The story follows Chris Pine as Edgin Darvis, a member of a spy outfit called the Harpers. After losing his wife years earlier, he has raised his daughter (Chloe Coleman) with the help of the monosyllabic warrior Holga Kilgore (Michelle Rodriguez). Edgin and Holga end up in prison for two years after trying to steal some treasure, including a Tablet of Reawakening which Edgin seeks to bring his late wife back to life. They mount an escape from their dungeon and reconnect with their former accomplice, the shady con man Forge Fitzwilliam (Hugh Grant), who has since become the Lord of Neverwinter thanks to the help of his evil wizard conspirator, Sofina (Daisy Head). Forge has also brainwashed Edgin’s daughter, prompting Edgin and Holga to scout for help to stop the bad guys and rescue the kid. They enlist Simon (Justice Smith), a young sorcerer with confidence issues, and Doric (Sophia Lillis), a “tiefling druid” who can change into animals and insects. Together, they set out to find a MacGuffin that will lead to another MacGuffin that will allow them to save the day.

Although the brand-specific terminology was lost on me, Goldstein and Daley draw from a familiar Hollywood playbook. The narrative structure borrows from The Avengers (2012), complete with a group of bickering heroes who assemble a team to fight an all-powerful villain. Similarly, there’s an apocalyptic threat from the sky and even a scene analogous to the Hulk smashing Loki with comic brutality near the end. The filmmakers nod to Steven Spielberg, too, evidenced by the opening that recalls a similar first scene in Jurassic Park (1993) or the way a character climbing to safety narrowly evades the chubby dragon’s jaws like the famous velociraptor jump-scare. Such comparisons are not meant to disparage Honor Among Thieves, only to note that there’s a feeling of familiarity that will make any popcorn-munching viewer of blockbuster-sized entertainment feel right at home. Then again, there’s also a feeling that the product has been engineered by looking at formulas of other successes.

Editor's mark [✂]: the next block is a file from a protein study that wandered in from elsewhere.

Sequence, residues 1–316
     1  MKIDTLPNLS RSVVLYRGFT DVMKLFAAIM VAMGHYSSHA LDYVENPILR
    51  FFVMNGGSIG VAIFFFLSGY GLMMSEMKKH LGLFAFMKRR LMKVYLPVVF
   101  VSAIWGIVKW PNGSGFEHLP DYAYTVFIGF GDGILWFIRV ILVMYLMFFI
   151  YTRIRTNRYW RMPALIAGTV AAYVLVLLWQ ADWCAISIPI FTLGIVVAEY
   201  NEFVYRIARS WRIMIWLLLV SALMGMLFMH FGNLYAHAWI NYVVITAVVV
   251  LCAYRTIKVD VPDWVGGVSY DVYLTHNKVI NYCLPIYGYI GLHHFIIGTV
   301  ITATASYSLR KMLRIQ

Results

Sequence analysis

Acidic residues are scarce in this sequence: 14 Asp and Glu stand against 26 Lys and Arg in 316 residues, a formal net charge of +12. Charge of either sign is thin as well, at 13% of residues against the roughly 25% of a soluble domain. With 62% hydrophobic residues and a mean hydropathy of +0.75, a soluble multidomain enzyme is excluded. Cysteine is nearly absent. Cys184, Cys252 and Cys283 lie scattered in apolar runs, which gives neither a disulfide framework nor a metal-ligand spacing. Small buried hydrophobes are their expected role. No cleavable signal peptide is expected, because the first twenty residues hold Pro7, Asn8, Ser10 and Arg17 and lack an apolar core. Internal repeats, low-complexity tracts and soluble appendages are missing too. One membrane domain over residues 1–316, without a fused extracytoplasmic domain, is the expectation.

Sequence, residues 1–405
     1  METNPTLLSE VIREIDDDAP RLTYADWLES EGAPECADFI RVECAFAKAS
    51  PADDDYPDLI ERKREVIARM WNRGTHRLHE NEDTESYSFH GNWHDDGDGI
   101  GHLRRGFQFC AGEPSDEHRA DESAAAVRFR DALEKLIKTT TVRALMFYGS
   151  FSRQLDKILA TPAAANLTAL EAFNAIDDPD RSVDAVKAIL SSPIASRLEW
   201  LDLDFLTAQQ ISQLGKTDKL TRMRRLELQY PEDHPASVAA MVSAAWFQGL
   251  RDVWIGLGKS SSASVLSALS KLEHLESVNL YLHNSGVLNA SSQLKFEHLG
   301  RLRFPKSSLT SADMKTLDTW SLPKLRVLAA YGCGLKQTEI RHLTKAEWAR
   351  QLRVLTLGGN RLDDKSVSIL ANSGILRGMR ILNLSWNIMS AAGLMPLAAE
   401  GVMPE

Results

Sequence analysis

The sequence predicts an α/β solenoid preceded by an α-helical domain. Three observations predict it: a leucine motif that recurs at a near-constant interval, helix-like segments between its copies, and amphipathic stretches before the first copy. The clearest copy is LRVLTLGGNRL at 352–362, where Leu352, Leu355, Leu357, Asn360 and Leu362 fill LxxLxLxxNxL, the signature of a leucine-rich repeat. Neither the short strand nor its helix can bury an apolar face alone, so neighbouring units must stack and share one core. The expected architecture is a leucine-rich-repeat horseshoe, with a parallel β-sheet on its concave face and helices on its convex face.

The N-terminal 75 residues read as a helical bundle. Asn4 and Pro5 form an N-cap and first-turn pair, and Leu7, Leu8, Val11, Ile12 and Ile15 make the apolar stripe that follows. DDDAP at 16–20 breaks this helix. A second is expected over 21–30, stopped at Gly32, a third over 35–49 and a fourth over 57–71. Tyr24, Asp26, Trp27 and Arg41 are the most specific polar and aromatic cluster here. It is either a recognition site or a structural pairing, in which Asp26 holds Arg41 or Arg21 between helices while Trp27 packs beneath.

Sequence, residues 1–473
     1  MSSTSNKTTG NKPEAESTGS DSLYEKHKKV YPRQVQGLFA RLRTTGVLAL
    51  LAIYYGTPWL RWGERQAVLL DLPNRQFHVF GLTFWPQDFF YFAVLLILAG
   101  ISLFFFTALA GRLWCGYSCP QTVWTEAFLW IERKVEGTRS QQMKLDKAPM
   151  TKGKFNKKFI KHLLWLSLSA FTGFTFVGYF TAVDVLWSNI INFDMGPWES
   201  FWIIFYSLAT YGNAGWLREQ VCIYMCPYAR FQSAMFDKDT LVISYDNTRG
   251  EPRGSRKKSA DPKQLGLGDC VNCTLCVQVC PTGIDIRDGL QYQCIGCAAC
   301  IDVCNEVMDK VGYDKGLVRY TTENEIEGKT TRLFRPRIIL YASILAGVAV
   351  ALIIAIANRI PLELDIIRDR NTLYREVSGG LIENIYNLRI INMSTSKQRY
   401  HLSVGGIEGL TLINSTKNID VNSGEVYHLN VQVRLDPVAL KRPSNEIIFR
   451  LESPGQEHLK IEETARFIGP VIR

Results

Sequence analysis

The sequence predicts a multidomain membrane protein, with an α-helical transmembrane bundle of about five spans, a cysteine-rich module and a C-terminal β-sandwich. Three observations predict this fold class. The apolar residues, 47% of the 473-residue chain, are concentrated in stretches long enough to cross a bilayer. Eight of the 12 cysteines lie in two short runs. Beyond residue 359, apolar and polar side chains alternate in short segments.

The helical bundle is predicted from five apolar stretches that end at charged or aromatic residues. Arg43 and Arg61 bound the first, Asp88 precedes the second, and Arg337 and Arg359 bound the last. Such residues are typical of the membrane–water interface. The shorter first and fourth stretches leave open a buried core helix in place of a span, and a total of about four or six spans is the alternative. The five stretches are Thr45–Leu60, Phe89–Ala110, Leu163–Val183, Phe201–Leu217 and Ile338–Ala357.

Even so, Honor Among Thieves is a well-crafted movie. The filmmakers use convincing practical makeup and costumes to bring mythic creatures to tangible life. Orcs, an eagle man, reanimated soldiers, and a giant fish that eats a cat-person’s child all look convincingly tactile. Cinematographer Barry Peterson (who shot Game Night) captures the splendor of real castles and estates in England and Ireland to give the proceedings a medieval flair. Sure, the filmmakers use plenty of CGI too, and it’s not always as convincing. But the material remains so blithely propelled that it hardly matters. This is because the movie remains focused on characters and strong onscreen personalities. Pine’s roguish swagger gives him Han Solo appeal, albeit with a worthy motivation to restore his family. Rodriguez’s stoic warrior has a surprising backstory, too, including an unexpected cameo by her character’s former lover. Smith’s sorcerer has a worthy arc about overcoming his self-doubt, though his courtship of Lillis’ hard-nosed druid character is underdeveloped. Best of all, Grant continues his recent renaissance, playing villains in Paddington 2 (2017) and Guy Ritchie’s work, with another charming baddie you love to hate.

Dungeons & Dragons: Honor Among Thieves brought to mind Warcraft (2016), another expensive fantasy film whose mythology eludes me. Although I liked Warcraft, it didn’t connect with a broader audience. However, there’s more mainstream appeal built into Honor Among Thieves, thanks to a star-studded cast, accessible sense of humor, and sense of fun that allows those unfamiliar, like myself, to enjoy the experience. It’s tricky to take established intellectual property with decades of quests, characters, and products across multiple forms of media and make something that satisfies fans and welcomes outsiders into the fold. It’s even trickier to inject irony into a movie without neutralizing the earnest plot (see 2011’s Your Highness, or don’t). Based on the reaction of the crowd, Honor Among Thieves hits the sweet spot. As for me, well, this was a pleasant entry point. If there’s a sequel, I’ll be eager to see it. I don’t know that I’ll rush out to join a six-hour campaign with friends around a card table in their basement anytime soon. But I had fun.